A recent OpinonJournal.com article points out how well the economy is doing after the Bush tax cuts & goes a long way towards debunking the notion that Democrats try to put forward, that tax cuts create deficits & somehow hurt the economy. Here's the #'s in the article that provide the relevant stats:
That growth was underscored again with yesterday's buoyant jobs and income report for December. Job growth exceeding expectations at 167,000 and the jobless rate held at a very low 4.5%, despite a slowdown in manufacturing and construction. Since the Bush tax cuts on dividends and capital gains passed in mid-2003, the economy has created 7.2 million new jobs according to the survey of business establishments, and an additional 1.2 million in the more variable household survey.
As for the inevitable political complaints that these new jobs are all lousy, average hourly non-supervisory wages have now climbed 4.2% over the past 12 months, or twice the official rate of inflation. With flat or falling energy prices, and a tight labor market, real wages are also starting to show impressive gains.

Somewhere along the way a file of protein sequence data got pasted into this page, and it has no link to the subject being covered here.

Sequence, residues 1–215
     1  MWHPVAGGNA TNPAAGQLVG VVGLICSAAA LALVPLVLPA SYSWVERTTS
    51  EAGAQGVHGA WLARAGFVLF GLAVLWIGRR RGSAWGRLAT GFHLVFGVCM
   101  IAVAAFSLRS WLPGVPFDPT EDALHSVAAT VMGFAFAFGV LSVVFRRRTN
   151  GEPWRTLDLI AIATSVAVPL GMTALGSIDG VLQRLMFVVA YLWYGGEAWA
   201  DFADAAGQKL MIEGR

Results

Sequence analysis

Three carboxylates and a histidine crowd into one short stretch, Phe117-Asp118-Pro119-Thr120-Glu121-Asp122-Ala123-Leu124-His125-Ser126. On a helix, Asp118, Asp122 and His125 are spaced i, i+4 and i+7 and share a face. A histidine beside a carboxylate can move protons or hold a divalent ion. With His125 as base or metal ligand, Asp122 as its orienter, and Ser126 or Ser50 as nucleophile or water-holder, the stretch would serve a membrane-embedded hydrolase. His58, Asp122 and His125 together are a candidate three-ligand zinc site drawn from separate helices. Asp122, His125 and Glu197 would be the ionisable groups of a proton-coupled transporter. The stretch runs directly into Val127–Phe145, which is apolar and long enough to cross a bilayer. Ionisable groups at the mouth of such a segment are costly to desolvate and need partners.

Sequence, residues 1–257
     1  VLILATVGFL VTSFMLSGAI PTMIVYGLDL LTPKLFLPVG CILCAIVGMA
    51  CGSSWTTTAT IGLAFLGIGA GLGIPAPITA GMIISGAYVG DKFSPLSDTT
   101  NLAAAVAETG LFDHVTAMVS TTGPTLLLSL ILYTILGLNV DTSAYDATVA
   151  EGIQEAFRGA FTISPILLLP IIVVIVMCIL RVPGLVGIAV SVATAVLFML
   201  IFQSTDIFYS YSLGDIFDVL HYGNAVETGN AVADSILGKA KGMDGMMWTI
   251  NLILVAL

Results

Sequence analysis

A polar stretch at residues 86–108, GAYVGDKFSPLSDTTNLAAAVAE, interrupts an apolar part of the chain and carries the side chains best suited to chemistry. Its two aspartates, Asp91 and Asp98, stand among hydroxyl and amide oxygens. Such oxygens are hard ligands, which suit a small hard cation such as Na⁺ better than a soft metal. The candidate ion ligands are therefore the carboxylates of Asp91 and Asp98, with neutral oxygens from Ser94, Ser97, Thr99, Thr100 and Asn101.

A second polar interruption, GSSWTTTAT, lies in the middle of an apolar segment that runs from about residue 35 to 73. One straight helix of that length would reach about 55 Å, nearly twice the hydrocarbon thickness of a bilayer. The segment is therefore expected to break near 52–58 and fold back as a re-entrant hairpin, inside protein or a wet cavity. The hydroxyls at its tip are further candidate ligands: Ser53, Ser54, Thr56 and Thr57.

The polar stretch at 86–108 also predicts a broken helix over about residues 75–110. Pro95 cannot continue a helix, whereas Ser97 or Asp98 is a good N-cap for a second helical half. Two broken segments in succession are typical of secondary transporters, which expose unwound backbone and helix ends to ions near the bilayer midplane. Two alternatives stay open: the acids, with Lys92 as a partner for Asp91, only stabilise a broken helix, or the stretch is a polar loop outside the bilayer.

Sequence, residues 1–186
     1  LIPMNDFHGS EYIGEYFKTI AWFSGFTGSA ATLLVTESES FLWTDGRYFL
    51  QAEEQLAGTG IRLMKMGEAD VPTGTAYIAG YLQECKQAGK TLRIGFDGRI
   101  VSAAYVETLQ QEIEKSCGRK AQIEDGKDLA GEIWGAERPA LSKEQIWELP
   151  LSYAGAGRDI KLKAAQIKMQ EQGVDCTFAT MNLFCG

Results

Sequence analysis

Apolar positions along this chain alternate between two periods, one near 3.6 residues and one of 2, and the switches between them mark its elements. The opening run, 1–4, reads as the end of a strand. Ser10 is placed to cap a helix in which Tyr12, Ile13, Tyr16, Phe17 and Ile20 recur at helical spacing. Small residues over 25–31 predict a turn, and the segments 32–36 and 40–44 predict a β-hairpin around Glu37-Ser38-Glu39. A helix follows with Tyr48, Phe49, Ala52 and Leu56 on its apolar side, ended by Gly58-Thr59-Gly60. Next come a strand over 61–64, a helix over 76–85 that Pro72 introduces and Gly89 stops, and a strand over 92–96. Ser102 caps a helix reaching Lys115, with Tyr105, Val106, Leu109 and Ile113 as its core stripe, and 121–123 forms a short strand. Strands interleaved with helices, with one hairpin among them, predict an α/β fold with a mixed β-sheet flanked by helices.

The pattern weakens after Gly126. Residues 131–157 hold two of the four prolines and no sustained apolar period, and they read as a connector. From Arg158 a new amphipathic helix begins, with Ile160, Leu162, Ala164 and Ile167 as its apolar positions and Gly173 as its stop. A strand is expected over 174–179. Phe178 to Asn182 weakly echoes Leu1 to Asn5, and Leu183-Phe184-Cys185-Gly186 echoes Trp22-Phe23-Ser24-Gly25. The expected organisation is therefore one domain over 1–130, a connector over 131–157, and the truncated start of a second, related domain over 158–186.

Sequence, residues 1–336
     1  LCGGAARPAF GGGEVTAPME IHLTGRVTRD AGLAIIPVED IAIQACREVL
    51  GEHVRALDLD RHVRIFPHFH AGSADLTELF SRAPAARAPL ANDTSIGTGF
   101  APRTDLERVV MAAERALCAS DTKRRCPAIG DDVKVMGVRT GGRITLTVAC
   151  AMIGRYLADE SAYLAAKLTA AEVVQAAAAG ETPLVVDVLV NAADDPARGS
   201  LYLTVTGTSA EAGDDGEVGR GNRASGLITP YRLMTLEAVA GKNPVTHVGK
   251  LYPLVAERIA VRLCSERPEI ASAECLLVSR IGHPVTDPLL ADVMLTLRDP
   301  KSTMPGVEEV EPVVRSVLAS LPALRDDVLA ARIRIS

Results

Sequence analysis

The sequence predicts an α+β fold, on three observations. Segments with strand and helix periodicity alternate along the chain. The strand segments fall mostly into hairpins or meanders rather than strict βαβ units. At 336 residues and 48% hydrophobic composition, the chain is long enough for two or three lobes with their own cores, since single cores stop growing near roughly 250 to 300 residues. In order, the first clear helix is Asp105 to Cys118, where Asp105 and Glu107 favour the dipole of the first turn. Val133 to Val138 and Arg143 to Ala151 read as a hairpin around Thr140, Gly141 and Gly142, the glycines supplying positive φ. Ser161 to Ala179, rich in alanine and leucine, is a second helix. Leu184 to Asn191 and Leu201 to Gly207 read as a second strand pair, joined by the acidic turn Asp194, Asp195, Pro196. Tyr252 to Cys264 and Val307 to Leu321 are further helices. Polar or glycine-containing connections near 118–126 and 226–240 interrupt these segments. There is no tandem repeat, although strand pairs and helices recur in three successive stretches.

Meanwhile, tax revenues continue to roll into the Treasury and state coffers. Federal receipts rose by 14.6% in fiscal 2005, another 11.8% in 2006, and kept rising by 9% in this year's first two months despite slower GDP growth. The budget deficit, in turn, has fallen by $165 billion in two years, and including state surpluses is now down to about 1% of GDP, which as an economic matter is negligible. Tax revenues as a share of the economy are also back above 18.5%, which is their modern historical norm.
The questions that Democrats need to answer is:
*How is it that after the Bush tax cuts, the budget deficit is being reduced?
*How is it that after the Bush tax cuts, revenues to the Government increased?
After all, is it not their argument that tax cuts reduce revenues to the Government?